CCHS offers Driver’s Ed summer classes

Gage Minor practiced his driving skills on Thursday during the Driver's Education summer course at Chilton County High School.

Gage Minor practiced his driving skills on Thursday during the Driver’s Education summer course at Chilton County High School.

The streets of Clanton will often be filled with student drivers this summer, as Chilton County is offering Driver’s Education summer courses.

The first of two sessions kicked off June 8 and will run until July 3, while the second session will begin July 6.

Because CCHS doesn’t offer Driver’s Education classes during the school year, there was a need for the curriculum during the summer break, according to Driver’s Ed teacher Deon Timmons, who always coaches football and basketball at CCHS.

During the first week of the course, the students prepared for the task ahead in the classroom by going over the driving manual, reviewing driving responses and learning about distracted driving.

“We had them put on special ‘drunk goggles’ and try to do simple tasks,” Timmons said. “One day, we even had them attempt to shoot basketballs in the gym so they could get a feel of what it’s like to try and function under the influence.”

During the second week of the course, students began taking the skills they learned in the classroom and putting them to work on the road.

The courses are open to any high-school student, and Timmons said he’s not only taught students from every school in Chilton County, but has also instructed students from Bibb, Shelby and Dallas counties.

Participants will receive course credit for the summer courses, and students from schools other than CCHS may have their transcripts sent to their school.

Timmons said during his six years of teaching the course, he’s learned that the most efficient way to instruct a student behind the wheel is with “patience and encouragement.”

“I try to make sure they’re comfortable behind the wheel before ever leaving the parking lot,” Timmons said. “We really emphasize safety and defensive driving, so [the students] can stay safe on the roads.”

Grant Henderson, a sophomore at CCHS, began his driving lesson by inspecting the tires and headlights for malfunctions.

“First, we do the 360 walk-around,” Henderson said.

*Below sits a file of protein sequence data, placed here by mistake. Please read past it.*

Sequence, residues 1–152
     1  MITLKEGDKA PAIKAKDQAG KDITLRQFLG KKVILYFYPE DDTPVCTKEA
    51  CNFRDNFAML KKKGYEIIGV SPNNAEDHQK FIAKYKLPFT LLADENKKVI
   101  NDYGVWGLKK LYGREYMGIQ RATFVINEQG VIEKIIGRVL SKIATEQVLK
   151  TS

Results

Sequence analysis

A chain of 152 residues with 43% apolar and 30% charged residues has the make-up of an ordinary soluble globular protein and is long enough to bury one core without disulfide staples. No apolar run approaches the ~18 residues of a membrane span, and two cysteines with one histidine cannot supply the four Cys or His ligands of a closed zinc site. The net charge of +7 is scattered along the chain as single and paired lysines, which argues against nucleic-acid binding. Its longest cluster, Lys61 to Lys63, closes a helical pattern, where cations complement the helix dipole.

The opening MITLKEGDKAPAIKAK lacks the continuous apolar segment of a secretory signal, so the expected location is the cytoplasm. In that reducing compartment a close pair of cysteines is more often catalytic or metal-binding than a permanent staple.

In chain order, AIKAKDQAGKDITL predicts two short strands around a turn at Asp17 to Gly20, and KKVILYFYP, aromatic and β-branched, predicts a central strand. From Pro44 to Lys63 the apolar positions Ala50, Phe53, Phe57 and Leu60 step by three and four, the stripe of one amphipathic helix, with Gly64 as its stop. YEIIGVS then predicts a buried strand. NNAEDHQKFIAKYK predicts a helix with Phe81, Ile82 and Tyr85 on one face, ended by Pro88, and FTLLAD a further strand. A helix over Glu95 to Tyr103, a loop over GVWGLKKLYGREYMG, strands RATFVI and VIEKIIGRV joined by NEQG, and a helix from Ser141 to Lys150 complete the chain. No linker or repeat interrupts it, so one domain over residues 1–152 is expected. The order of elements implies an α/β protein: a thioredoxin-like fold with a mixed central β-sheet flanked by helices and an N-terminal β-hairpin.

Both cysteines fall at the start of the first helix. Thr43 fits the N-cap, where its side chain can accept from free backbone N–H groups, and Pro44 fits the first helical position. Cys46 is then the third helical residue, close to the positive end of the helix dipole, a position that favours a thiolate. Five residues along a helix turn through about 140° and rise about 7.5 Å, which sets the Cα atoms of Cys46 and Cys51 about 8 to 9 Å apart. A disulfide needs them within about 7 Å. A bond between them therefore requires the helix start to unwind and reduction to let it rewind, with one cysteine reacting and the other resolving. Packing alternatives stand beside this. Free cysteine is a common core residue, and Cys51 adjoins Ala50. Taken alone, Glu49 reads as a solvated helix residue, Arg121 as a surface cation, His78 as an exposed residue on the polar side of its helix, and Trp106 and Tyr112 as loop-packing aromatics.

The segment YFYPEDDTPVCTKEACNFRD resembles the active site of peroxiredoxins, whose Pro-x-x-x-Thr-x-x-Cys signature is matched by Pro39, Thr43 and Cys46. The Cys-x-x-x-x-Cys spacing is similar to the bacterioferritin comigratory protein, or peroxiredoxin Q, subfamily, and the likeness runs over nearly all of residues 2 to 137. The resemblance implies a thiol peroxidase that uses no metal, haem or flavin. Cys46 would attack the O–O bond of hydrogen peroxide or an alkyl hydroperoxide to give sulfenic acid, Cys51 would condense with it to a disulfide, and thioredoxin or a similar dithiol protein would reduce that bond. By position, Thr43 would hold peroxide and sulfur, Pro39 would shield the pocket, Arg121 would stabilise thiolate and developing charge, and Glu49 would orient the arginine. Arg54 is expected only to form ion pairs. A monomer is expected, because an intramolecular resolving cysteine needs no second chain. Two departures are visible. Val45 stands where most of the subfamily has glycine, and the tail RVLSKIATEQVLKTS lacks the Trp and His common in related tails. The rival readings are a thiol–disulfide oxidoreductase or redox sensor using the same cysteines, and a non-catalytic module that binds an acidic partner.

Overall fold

Timmons emphasized the importance of making sure the vehicle is “OK” before getting in and cranking up.

“Besides driving, the kids also learn to pay attention to details and they learn discipline,” Timmons said. “If you don’t take care of your vehicle, you won’t be able to drive.”

Sophomore Gage Minor began his lesson with a “360 walk-around” and checking the mirrors before the 7-10 minute route specified by Timmons.

Sitting in the passenger seat, which is equipped with an emergency brake in the floorboard, Timmons gave reminders on when to turn and words of encouragement as Minor drove.

“I have a checklist I keep with me for each student,” Timmons said. “We base how much each student drives on how much experience he or she has. Some students may need more practice and more time driving.”

Minor said the course has taught him things he wouldn’t have learned on his own.

“I’ve driven a lot just this week,” Minor said. “My parents have taught me a lot about driving at home, but I’ve picked up on new thing here too.”

For Minor, mastering the 3-point turn was the most difficult task, while parking is the easiest.

“Coach Timmons helped me with my 4-way stops and 3-point turns. That’s something I’ve never done,” Minor said.

According to Timmons, when the students have passed the course, fulfilled their checklist and passed a driving test issued by Timmons himself, they are issued a yellow card, which they can take to the courthouse in exchange for their driver’s license when they are 16 years old.

Another benefit of the course is the decreased insurance payment for the young drivers.

The June session housed approximately 50 students, Timmons said.

While he said the July session is “almost full,” students may still apply for the course.

To participate, the student must be at least 15 years old and have a learner’s permit.

For more information on the Driver’s Education summer courses, call Chilton County High School at (205) 280-2710.

Driver's Ed teacher Deon Timmons talks with student Gage Minor before completing a driving route in Clanton.

Driver’s Ed teacher Deon Timmons talks with student Gage Minor before completing a driving route in Clanton.

 

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